Apropos of seemingly nothing, I received an email yesterday heralding the best selling federal government books of 2015. "Find out which Federal titles were ranked among the best for 2015, according to customer purchases over the past year," it stated. Be still my heart!
The top-selling book of the year seems not to be a book at all, but a fit-for-framing "Gold Retirement Federal Career Service Award Certificate," printed on "high quality, off-white heavy paper stock … embossed with a metallic version of the Great Seal of the United." OK. Same thing for the third best seller, an "international certificate of vaccination or prophylaxis as approved by the World Health Organization."
The second top-selling book provides room for a bit of optimism: a pocket-edition of the U.S. Constitution and Declaration of Independence. A larger edition of the Constitution also shows up in the number five spot.
The rest—and the reason I'm sharing—offer an amusing look at bureaucracy and the regulatory state in action. A few titles:
- The Lead-Safe Certified Guide to Renovate Right, September 2011 Revision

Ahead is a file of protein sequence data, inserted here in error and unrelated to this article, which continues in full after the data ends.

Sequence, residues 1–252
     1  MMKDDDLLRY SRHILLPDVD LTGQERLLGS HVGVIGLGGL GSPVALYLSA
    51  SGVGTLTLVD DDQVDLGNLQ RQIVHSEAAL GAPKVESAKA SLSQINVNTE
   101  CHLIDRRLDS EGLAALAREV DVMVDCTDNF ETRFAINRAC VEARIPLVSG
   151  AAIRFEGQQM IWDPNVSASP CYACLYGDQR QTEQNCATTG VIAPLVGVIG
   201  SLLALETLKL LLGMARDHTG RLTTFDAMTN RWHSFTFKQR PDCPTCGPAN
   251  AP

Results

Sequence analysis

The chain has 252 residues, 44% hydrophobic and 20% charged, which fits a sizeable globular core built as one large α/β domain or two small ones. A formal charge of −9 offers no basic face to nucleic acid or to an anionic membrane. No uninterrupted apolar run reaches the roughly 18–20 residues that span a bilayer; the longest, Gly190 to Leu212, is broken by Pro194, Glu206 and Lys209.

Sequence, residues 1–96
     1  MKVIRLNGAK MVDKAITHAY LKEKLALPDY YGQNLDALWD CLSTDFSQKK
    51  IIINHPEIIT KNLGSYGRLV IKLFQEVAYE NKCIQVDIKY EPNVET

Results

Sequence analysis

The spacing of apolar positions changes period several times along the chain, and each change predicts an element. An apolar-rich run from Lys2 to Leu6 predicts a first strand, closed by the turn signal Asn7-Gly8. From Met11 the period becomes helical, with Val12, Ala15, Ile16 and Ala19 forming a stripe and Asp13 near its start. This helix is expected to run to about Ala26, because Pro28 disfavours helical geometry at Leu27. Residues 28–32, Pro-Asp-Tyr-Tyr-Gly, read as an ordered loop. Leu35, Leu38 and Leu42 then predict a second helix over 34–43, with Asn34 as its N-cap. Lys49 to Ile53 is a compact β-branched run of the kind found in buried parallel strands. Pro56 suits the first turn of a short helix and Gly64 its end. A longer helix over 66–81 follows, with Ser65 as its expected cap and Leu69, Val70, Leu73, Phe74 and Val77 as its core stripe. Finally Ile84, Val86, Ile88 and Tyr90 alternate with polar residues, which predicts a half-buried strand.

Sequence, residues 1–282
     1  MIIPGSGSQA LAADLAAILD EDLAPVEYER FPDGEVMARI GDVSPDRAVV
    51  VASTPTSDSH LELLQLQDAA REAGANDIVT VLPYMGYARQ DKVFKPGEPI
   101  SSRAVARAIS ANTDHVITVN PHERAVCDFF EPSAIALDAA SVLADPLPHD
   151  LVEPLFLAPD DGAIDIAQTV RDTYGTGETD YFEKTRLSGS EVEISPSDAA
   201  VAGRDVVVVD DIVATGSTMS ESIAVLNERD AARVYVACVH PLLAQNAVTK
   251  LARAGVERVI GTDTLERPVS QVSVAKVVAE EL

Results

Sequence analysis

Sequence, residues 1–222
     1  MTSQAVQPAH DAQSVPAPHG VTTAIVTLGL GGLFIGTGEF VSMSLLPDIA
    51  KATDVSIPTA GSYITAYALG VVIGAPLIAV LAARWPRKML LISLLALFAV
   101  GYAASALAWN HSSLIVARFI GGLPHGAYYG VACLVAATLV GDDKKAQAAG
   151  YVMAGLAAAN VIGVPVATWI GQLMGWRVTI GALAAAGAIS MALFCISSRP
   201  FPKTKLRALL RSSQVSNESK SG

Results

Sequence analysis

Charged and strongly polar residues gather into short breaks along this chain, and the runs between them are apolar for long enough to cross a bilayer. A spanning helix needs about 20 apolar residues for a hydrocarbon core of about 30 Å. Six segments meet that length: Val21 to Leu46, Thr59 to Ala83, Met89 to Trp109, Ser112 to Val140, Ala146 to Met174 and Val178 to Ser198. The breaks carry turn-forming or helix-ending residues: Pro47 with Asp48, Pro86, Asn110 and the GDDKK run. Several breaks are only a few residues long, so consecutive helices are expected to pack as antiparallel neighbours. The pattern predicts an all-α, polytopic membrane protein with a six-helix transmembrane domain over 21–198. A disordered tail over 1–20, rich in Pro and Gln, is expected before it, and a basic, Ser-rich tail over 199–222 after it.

- Federal Service Labor-Management Relations Statute: Chapter 71 of Title 5 of the U.S. Code, as Amended, and 5 U.S.C. 5596, The Back Pay Act, as Amended (2012)
- Government Auditing Standards: 2011 Revision (Yellow Book)
- Quick Bio-Agents: USAMRIID\'s Pocket Reference Guide to Biological Select Agents & Toxins
- NIOSH Pocket Guide to Chemical Hazards
- Health Insurance Claims Forms (CMS-1500) Single Sheets (Revised 2012)
Alas, 2012, 2013, and 2014 top-sellers such as Ponzimonium: How Scam Artists Are Ripping Off America, Astronomical Almanac for the Year 2013 and Its Companion the Astronomical Almanac Online, Why Would Anyone Cut a Tree Down?, National Interoperability Field Operations Guide Version 1.5, and the United States Senate Telephone Directory 2013 have all been bumped.